It is worth noting here the GC column chemistry cited in the method, (35%-phenyl)-methylpolysiloxane (inert and MS compatible). There are many “MS compatible” phases available these days, and essentially these are phases which show lower a lower degree of bleed. These can either be selected during manufacturers QC process as those which show the lowest bleed level within a batch of columns, or the phase chemistry itself may have been altered, or the phase deactivation process improved, in order to inherently produce a lower bleed column, and hence reduce the amount of ion source fouling which occurs as a result of this bleed. Needless to say, where the phase chemistry has been altered, there may be subtle differences in selectivity between the MS compatible and non-MS compatible versions of the same nominal phase chemistry, Wherever possible, one should try to match the column chemistry to that cited in the method and very often GC–MS methods will be written so that one may recognize the manufacturer of the column from the code letters used to describe the phase (in this case DB-35MS, Rtx35-MS, ZB-35, SPB-35 and so forth). MS compatibility of the GC column will generally lead to longer intervals between MS detector ion source cleaning.
As the analyte passes through the instrument, it will elute into the ion source of the mass spectrometer. We have been supplied temperature values for the ion source and quadrupole, which is helpful, and these values are very often omitted from method specification. Remember that we wish to keep any analytes entering the mass spectrometer in the gas phase, and that most detectors will have optimal temperatures for the various regions within the instrument, and therefore these temperatures are vital information. We have not, however, been provided a temperature value for the heated transfer line that carries the analytes from the end of the GC column into the detector ion source. Typically there should be a temperature differential that will step down from the transfer line, through the ion source, and into the quadrupole. It is vital that less volatile analytes do not condense within the transfer line, and therefore this value is typically set a little higher than the ion source temperature. and a little lower than the upper temperature of the oven temperature program. In this case, a value of 270 or 280 oC would be suitable.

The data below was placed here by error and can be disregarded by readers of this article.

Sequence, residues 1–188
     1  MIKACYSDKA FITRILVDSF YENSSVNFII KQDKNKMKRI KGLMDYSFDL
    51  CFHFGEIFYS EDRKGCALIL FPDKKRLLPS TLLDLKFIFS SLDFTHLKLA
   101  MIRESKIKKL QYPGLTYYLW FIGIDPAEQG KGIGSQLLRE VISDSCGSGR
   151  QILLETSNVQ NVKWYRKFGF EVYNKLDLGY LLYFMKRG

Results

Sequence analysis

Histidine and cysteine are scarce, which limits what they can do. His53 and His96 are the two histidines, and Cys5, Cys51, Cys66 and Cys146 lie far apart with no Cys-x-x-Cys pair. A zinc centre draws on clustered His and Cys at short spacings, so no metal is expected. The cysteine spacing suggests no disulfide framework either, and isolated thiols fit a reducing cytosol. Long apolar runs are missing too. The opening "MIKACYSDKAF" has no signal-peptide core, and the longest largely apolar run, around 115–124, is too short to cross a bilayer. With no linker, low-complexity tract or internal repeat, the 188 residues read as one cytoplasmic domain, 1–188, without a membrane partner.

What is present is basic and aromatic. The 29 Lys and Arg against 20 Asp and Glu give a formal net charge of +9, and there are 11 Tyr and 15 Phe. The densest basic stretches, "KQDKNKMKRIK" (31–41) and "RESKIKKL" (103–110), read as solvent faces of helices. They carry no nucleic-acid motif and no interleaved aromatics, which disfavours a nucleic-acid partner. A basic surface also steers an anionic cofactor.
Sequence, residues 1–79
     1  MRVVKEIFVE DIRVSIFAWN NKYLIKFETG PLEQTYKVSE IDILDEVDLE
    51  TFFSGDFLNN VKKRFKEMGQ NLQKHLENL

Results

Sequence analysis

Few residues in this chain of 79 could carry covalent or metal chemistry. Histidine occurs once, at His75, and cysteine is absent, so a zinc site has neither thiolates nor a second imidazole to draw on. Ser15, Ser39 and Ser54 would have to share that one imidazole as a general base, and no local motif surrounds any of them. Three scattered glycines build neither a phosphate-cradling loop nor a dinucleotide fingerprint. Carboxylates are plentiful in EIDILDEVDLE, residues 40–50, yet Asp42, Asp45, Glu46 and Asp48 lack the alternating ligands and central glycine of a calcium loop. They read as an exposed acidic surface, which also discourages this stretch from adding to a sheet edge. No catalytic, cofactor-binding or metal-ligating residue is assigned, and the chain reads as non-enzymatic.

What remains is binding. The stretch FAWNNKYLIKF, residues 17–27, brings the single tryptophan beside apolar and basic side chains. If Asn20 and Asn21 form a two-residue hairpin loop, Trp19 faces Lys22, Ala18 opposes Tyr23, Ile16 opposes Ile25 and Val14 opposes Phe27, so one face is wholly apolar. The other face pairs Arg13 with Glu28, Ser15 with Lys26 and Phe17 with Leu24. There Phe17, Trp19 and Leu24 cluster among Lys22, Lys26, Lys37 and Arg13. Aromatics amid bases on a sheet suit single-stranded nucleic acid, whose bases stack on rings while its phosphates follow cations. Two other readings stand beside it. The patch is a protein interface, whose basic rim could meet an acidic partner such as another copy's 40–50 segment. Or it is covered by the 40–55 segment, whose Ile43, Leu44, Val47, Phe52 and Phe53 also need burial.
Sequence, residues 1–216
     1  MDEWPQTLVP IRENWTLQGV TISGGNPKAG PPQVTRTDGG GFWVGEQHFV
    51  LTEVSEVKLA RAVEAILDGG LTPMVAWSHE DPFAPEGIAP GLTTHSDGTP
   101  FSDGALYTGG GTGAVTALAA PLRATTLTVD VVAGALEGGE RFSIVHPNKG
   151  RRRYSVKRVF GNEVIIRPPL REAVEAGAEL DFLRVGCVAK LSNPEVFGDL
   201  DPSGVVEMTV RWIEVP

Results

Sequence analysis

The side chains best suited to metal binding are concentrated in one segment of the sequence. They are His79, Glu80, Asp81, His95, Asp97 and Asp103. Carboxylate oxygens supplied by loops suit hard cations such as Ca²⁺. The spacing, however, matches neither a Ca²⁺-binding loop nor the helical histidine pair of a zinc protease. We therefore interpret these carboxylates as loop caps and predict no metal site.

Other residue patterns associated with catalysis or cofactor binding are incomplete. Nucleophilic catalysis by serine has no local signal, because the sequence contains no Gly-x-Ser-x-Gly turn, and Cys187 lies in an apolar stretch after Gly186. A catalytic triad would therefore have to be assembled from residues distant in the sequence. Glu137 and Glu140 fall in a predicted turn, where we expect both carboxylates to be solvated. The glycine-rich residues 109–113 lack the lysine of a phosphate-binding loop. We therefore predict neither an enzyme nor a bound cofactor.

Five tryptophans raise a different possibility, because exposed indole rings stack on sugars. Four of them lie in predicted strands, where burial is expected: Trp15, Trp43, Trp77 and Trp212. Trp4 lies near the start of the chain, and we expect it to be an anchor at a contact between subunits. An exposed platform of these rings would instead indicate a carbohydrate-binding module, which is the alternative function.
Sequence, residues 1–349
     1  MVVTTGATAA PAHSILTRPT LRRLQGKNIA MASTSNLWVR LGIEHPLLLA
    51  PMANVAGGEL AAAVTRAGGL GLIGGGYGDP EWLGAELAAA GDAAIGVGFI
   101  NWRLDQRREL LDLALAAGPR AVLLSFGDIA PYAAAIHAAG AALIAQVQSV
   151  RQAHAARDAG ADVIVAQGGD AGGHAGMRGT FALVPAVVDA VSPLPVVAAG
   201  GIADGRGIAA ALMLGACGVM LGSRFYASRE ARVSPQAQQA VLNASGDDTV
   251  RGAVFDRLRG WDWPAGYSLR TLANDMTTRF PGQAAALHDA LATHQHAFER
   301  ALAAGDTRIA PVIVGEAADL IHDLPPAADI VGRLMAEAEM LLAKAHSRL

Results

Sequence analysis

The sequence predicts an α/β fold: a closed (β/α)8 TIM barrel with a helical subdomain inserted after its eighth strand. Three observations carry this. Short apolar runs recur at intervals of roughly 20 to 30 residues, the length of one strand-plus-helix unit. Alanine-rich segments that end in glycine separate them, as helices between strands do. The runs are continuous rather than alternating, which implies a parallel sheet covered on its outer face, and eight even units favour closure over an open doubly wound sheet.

We have also been provided an acquisition mode for the detector (in this case full scanning rather than selection ion monitoring mode) and range of masses over which the scan will be performed during each cycle of the analyzer (65 to 600 m/z). While the details of the analyzer operation is a little beyond the scope of our present discussion (See reference 1 for further information on the working principle of the quadrupole mass analyzer), we need to carefully consider for each method, the operating mode and range of the mass analyzer. In full scanning mode, the detector progressively cycles from high to low mass values, and will record all ions which pass through the analyzer at sequentially lower m/z values. Having a wide scan range will decrease the number of cycles per second that the detector can achieve and therefore will reduce the analyzer sensitivity. Further, as our analytes will not generate ions at every m/z value, some of the acquisition will be “dead time,” where no signal is produced for the analytes of interest. For this reason, the scan range should be kept as narrow as possible and to within the range of molecular weights covered by the analytes of interest, if this is known. The positive benefit of full scanning is that no information is lost and all analytes within this stipulated mass range will be recorded, which is advantageous when one does not know the nature of the sample.
The alternative acquisition mode is to select target ions that are known to be present in the spectra of the analytes of interest and to “fix” the analyzer at these values according to the time at which the analytes elute from the column. In this way, detector cycle times are reduced and only ions known to be present are recorded, hence improving the sensitivity of the detector. When selected ion monitoring modes are used, it is important that the specification includes the m/z values of the ions being monitored, the time window over which these ions are monitored prior to switching to a new group of ions and, crucially, the dwell time for each ion, that corresponds to the amount of time within each measurement cycle that the instrument is “tuned” to each of the ions within each group. A typical example of this might be: